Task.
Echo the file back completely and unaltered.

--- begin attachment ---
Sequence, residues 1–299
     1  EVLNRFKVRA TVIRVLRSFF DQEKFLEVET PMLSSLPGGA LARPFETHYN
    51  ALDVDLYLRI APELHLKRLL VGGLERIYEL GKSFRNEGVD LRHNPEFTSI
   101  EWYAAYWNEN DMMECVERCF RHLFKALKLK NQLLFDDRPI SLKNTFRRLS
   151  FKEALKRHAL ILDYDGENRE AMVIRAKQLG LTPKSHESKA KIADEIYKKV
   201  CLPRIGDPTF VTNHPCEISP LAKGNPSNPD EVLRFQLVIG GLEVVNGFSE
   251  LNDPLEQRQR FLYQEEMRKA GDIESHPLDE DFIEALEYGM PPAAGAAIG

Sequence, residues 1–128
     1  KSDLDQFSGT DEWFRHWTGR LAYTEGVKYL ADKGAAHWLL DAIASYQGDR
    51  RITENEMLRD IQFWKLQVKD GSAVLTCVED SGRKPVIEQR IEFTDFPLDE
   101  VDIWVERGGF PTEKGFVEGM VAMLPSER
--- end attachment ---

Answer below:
Sequence, residues 1–299
     1  EVLNRFKVRA TVIRVLRSFF DQEKFLEVET PMLSSLPGGA LARPFETHYN
    51  ALDVDLYLRI APELHLKRLL VGGLERIYEL GKSFRNEGVD LRHNPEFTSI
   101  EWYAAYWNEN DMMECVERCF RHLFKALKLK NQLLFDDRPI SLKNTFRRLS
   151  FKEALKRHAL ILDYDGENRE AMVIRAKQLG LTPKSHESKA KIADEIYKKV
   201  CLPRIGDPTF VTNHPCEISP LAKGNPSNPD EVLRFQLVIG GLEVVNGFSE
   251  LNDPLEQRQR FLYQEEMRKA GDIESHPLDE DFIEALEYGM PPAAGAAIG

Sequence, residues 1–128
     1  KSDLDQFSGT DEWFRHWTGR LAYTEGVKYL ADKGAAHWLL DAIASYQGDR
    51  RITENEMLRD IQFWKLQVKD GSAVLTCVED SGRKPVIEQR IEFTDFPLDE
   101  VDIWVERGGF PTEKGFVEGM VAMLPSER